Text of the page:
Offside, 31 October
The joy of naked animosity.
‘Hark now hear the Palace sing, the Brighton run away. And we will fight forever more because of Boxing Day.’
Crystal Palace fans still sing about going to war with Brighton despite the fact that the two teams had not met in a competitive fixture for 13 years. Until last Saturday that is, when the seasiders visited Selhurst Park. Forget Millwall or Charlton (and who the hell are Wimbledon?). This is the local derby that really matters to Palace fans.
The bad blood dates back to the 1976-77 season when Palace and Brighton met five times in the league and Cup. After one particularly acrimonious FA Cup replay, Brighton boss Alan Mullery, incensed by a number of dubious refereeing decisions, reportedly threw a handful of pound notes at the Palace fans, shouting ‘You’re not worth that, Palace’, and was famously pictured making v-signs as he was led away by police.
In that moment, a beautiful rivalry was born. On internet football message boards you will still find veteran boot-boys re-telling soldiers’ tales of the legendary Boxing Day derbies during the 1970s and 80s that invariably involved needle on the pitch and violence off it.
As we walked from the car towards the ground a police helicopter circled overhead and a police van, siren screaming, roared past in the direction of Thornton Heath. Riot police were everywhere. Just like the old days. Inside the ground the mutual animosity was palpable. Both sets of fans were goading each other and giving it the arms-spread-wide ‘do you want some?’ gesture.
And yet it wasn’t entirely like the old days. Alongside the old-fashioned passion and hatred there was also the cheesy, family-friendly pre-match entertainment: teenage cheerleaders wheeling their pom-poms, furry mascots trotting up and down waving at the supporters, and the public address system blasting out dance music to drown out the terrace war songs.
The 6000-strong Brighton support was in good voice for all of four minutes, at which point Palace took the lead. It was pretty much one-way traffic after that. After 33 minutes it was 2-0. ‘Going down, going down, going down’, roared the jubilant Palace fans. At half time, Brighton manager Steve Coppell was given a standing ovation by the home supporters as he headed for the tunnel. After four spells in charge of the club, Coppell is still a hero at Selhurst Park despite now working for the enemy. ‘There’s only one Stevie Coppell’, we sang. What the Brighton fans made of this is anyone’s guess.
The game was over as a meaningful contest shortly after half time. Palace scored a third, then a fourth, and then a fifth, and Brighton had a player dismissed, all in the space of five delirious minutes. We sang; we clapped; we laughed and we mocked the dejected Brighton fans. It doesn’t get any better than this. It really doesn’t.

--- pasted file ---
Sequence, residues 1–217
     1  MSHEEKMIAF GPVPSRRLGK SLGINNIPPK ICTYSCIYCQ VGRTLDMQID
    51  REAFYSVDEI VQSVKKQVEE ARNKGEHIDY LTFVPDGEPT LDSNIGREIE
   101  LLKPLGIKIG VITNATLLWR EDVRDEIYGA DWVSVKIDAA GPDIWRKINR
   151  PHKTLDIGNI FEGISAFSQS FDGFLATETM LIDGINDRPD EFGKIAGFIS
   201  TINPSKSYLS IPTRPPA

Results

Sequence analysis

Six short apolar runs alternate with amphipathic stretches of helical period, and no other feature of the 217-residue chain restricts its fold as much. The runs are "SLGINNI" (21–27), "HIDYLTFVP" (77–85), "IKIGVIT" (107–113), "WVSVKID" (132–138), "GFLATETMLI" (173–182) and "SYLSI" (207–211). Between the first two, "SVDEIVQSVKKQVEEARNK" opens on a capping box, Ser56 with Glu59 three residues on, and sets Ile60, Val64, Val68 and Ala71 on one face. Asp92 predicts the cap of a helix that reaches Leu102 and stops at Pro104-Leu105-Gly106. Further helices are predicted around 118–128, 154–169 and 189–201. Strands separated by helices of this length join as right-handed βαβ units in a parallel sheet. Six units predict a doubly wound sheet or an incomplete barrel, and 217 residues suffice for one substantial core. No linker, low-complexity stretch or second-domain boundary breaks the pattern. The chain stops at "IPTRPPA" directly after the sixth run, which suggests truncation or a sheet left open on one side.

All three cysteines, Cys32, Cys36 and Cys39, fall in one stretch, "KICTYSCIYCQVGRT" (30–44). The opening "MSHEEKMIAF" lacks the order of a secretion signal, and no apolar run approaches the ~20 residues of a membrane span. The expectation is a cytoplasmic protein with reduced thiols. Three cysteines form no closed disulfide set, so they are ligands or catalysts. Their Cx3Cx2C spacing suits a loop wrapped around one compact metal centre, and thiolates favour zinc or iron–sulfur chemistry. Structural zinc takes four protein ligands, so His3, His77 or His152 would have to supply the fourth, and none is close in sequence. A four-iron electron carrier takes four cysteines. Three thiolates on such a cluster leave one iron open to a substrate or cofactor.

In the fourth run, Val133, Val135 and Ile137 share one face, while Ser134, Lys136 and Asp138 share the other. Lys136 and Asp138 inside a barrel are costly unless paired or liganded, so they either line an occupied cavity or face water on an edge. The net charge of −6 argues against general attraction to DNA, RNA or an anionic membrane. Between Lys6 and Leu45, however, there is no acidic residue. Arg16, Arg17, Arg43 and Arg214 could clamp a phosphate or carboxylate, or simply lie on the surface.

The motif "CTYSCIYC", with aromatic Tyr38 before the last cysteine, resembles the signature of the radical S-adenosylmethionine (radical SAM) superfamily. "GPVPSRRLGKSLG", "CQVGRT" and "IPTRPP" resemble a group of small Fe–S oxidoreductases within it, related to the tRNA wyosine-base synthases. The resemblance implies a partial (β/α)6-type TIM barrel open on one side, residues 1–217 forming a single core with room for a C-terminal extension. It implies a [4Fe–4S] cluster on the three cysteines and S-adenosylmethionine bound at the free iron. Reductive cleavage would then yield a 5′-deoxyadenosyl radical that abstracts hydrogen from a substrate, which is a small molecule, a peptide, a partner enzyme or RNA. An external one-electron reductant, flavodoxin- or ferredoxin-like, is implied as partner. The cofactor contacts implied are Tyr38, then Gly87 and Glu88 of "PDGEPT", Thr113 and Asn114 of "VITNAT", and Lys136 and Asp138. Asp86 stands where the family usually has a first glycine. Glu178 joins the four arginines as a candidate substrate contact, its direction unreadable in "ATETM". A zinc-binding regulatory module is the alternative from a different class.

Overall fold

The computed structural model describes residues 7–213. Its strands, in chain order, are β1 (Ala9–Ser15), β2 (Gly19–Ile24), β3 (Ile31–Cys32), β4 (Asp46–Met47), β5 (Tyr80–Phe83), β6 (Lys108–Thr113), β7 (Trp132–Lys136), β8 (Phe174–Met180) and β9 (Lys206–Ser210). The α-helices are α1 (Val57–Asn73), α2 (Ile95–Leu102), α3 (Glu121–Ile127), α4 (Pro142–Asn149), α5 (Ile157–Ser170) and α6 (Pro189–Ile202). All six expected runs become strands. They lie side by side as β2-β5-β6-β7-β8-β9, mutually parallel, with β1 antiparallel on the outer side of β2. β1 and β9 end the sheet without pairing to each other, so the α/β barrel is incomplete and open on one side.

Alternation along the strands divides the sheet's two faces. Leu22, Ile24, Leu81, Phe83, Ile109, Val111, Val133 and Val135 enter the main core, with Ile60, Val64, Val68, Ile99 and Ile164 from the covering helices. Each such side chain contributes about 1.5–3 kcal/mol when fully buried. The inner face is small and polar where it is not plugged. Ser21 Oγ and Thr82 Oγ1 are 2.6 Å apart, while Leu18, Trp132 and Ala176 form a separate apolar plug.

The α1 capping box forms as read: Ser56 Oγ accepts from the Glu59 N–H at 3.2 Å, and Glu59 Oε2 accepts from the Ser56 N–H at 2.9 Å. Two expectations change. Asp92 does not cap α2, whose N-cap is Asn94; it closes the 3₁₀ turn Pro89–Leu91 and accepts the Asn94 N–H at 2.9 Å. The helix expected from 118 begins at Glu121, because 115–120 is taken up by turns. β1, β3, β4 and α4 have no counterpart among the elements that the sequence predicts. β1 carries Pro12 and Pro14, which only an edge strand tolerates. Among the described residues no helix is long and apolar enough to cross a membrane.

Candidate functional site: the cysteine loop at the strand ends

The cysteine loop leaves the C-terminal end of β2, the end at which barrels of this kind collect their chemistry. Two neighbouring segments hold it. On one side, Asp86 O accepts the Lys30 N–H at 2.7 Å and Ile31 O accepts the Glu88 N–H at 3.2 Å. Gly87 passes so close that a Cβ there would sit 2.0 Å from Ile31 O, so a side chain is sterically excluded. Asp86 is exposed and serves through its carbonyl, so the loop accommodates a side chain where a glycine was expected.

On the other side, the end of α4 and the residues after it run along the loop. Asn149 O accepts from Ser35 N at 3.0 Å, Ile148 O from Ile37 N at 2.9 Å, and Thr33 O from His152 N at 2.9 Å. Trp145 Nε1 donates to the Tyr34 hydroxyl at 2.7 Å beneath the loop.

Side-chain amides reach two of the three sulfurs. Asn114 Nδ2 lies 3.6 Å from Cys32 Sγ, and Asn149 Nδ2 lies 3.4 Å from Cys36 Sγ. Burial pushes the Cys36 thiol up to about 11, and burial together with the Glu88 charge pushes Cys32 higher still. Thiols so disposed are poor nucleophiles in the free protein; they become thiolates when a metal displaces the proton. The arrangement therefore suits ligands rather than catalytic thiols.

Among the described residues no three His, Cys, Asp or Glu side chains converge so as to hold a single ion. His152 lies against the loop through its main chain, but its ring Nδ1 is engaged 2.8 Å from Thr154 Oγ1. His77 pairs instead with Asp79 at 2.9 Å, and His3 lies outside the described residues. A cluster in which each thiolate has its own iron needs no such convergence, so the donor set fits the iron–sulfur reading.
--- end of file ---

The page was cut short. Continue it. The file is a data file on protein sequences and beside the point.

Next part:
Football fans are not particularly gracious in victory. But gloating is all part of the fun. ‘You’re just a small town near Worthing’, the Palace supporters chanted. Brighton fans, having seen enough, tried to leave the ground but found the gates locked. The PA announcer told the visiting fans that they would be held in the stadium after the final whistle for safety reasons. ‘Five-nil and you can’t go home’, sang the Palace supporters. Julie Burchill, Fatboy Slim, Chris Eubank, Steve Ovett, Kemp Town race course, Pinkie from Brighton Rock, can you hear me? Your boys took a hell of beating.
Palace followers are accustomed to disappointment. We’ve endured countless relegation struggles. We’ve seen our best players sold off to bigger clubs. We’ve stared into the jaws of financial extinction. We’ve witnessed far too much uninspired, artless football. Why do we keep putting ourselves through this torment? We’ve all asked ourselves this question. The answer is simple: Palace 5, Brighton 0. That’s why. Such fleeting moments of intense, unbridled joy and raw passion make it all worthwhile.
Rivalries like this cannot exist without a strong dose of needle and nastiness. It’s impossible to get excited about defeating an opponent for whom you have no strong feelings.
Sadly, the deep-seated animosity between Palace and Brighton fans proved too strong for Observer reporter Nick Callow. ‘Having waited 13 years since their last meeting, it made sense to many supporters to start the day early, with Special Brew topping the breakfast menu’, wrote Callow. ‘By lunchtime, there was heavy fighting around Thornton Heath train station and elsewhere…. There will be a few children who made their first and last trips to football yesterday.’ (1)
Over-protective parents may well be disinclined to expose their children to the unadulterated ferocity of derby-day passion, but I think that children are more likely to be put off by the soulless family-friendly atmosphere that the authorities are so keen to impose on football.
A little less happy-clappy cheerleading and a little more naked animosity is what football needs.
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